- By Sanjana Sapra
India is a diverse country with various people belonging to different religious backgrounds residing peacefully. And these religions are governed by their respective codified Personal Laws. For example, people following Hinduism follow The Hindu Marriage Act , 1955 for practices relating to marriage , adoption and what will be the conditions which are needed to be followed for a marriage to be considered as valid Hindu marriage. Similarly people who follow Islam are governed by the Muslim Personal Law (Shariat) Application Act which deals with marriage , succession , inheritance and other various aspects. A similar case can be seen for Christians and Parsis. These laws however have been derived from the ancient text and religious books. It is imperative here to understand that India follows secularism which is enshrined in our constitution and was also included in the preamble after the 42nd amendment in 1976. The word ‘secular’ means that the state will not follow any particular religion and neither will the people be discriminated against because of a particular religion. Article 25 gives the citizens to practice , profess and propagate the religion they want to follow. Goa is the only state in the country where Uniform Civil Code is in motion.
Limitations of Personal Laws
Because there are various personal laws , there are certain differences and discrepancies which exist in these personal Laws. This can be attributed to the fact that from time immemorial , India has had a Patriarchal Society which means that more rights are given to men as compared to women. Also, there have been instances where personal laws have denied the rights of women or did not give them rights in the first place. An example of this could be seen in the Hindu Laws. Hindu daughters were deprived of joint heirship in parental property as per the codes of Mitakshara which was a school of law which dealt with the rules governing succession. However , after the case of Lata Mittal , the Supreme Court said that now women will be given equal rights in the ancestral property as well. A similar situation can be seen in the Christian Laws wherein a women could not obtain a divorce on the grounds of adultery committed by the husband not only this it had be coupled with cruelty , bestiality and sodomy otherwise a married Christian women could not obtain a divorce. On the other hand a christian married man could simply declare that his wife is an adulterer and hence could use this provision to divorce her. The question of a Uniform Civil Code came in front of the Supreme Court in the case of triple talaq which shows that there were some defences in the This proves the patriarchal nature of the laws of the country and hence there is a need for a uniform code in the country where issues relating to marriage , divorce and other aspects are dealt with. To counter these shortcomings a need for a Uniform Civil Code is required . This code will give a uniform personal law for all the citizens of the country irrespective of their religion. This has been envisaged by our constitution makers under Article 44 but cannot be enforced by the courts because it comes under the heading of Directive Principles of State Policy which are not justiciable.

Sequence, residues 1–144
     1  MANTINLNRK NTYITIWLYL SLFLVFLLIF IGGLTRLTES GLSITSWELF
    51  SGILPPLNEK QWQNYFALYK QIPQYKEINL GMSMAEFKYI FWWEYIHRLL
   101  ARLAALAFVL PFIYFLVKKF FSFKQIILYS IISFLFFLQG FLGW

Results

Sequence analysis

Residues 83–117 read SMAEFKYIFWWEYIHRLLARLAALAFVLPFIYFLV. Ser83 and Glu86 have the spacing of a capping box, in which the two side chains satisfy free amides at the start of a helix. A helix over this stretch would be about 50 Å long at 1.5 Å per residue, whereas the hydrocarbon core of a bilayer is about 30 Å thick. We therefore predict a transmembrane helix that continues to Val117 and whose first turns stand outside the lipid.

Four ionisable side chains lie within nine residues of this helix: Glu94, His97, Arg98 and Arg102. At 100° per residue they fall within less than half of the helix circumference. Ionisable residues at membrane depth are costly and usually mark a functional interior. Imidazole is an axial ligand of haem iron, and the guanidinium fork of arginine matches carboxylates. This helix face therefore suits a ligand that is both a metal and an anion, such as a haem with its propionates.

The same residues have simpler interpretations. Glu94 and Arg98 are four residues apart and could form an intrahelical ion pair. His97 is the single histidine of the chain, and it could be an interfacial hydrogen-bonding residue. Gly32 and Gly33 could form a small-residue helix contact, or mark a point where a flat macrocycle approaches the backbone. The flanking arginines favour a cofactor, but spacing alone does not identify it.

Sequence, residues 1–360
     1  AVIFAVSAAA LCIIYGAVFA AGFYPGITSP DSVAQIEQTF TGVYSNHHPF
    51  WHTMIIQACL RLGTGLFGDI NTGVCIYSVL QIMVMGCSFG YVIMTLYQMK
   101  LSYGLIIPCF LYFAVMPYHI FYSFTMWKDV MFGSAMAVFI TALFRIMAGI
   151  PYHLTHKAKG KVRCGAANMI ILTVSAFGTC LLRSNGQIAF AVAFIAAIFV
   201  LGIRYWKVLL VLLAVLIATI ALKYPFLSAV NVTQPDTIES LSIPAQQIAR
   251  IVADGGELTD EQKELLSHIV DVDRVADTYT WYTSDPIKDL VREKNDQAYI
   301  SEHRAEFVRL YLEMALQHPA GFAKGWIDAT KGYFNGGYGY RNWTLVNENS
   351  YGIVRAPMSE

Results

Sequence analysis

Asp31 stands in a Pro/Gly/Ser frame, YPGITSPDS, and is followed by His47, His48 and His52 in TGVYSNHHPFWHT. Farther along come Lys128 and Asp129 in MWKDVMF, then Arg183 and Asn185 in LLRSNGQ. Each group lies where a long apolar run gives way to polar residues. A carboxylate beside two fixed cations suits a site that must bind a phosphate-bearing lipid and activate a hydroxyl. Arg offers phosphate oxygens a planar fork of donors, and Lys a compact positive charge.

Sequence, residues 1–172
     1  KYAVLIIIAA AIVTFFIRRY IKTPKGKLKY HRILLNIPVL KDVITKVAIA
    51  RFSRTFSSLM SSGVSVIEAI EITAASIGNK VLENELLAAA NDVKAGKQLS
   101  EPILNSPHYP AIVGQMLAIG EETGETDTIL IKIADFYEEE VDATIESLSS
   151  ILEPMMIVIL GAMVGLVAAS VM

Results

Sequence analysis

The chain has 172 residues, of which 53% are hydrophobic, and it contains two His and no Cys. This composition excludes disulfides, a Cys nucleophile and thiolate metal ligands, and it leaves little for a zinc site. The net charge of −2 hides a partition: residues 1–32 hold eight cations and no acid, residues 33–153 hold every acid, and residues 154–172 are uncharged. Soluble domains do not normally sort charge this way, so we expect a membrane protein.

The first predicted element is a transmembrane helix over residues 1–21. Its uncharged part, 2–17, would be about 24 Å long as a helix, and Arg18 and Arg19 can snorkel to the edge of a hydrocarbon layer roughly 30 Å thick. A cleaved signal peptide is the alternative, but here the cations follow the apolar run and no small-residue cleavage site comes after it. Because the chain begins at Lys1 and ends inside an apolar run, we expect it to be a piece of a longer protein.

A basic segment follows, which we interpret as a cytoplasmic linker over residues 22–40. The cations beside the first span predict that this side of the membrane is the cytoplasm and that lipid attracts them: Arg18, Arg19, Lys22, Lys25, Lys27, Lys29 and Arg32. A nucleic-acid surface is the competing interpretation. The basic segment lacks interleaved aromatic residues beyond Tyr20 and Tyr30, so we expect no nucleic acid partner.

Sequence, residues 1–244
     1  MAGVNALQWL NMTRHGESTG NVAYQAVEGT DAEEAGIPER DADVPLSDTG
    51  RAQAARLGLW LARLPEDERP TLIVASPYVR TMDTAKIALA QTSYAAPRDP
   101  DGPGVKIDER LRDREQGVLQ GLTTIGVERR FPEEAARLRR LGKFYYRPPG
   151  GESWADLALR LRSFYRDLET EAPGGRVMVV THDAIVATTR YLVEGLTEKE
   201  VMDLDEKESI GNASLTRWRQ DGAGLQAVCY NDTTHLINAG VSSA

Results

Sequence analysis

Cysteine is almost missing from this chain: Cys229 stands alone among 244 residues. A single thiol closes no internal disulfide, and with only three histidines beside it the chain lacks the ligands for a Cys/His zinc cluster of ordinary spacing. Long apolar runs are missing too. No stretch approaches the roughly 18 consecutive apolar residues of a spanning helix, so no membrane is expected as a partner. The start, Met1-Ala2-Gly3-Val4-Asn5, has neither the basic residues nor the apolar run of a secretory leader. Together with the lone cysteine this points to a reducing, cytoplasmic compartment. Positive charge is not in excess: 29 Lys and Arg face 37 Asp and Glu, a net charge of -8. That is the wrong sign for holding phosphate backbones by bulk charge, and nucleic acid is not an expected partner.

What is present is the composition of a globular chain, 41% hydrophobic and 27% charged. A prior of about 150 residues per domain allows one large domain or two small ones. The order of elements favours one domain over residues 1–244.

Origin of Uniform Civil Code-